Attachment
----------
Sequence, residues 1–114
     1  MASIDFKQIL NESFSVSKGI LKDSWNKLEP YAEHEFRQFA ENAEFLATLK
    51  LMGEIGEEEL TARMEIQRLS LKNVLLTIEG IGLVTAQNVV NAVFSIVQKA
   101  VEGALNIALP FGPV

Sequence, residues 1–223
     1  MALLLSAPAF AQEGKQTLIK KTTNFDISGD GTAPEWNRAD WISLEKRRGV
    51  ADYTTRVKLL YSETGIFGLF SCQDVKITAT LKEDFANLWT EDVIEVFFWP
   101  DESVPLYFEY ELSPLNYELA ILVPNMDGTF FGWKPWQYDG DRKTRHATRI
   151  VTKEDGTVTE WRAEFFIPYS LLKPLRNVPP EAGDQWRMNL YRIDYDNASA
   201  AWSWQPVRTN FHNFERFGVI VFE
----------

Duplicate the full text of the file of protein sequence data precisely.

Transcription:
Sequence, residues 1–114
     1  MASIDFKQIL NESFSVSKGI LKDSWNKLEP YAEHEFRQFA ENAEFLATLK
    51  LMGEIGEEEL TARMEIQRLS LKNVLLTIEG IGLVTAQNVV NAVFSIVQKA
   101  VEGALNIALP FGPV

Sequence, residues 1–223
     1  MALLLSAPAF AQEGKQTLIK KTTNFDISGD GTAPEWNRAD WISLEKRRGV
    51  ADYTTRVKLL YSETGIFGLF SCQDVKITAT LKEDFANLWT EDVIEVFFWP
   101  DESVPLYFEY ELSPLNYELA ILVPNMDGTF FGWKPWQYDG DRKTRHATRI
   151  VTKEDGTVTE WRAEFFIPYS LLKPLRNVPP EAGDQWRMNL YRIDYDNASA
   201  AWSWQPVRTN FHNFERFGVI VFE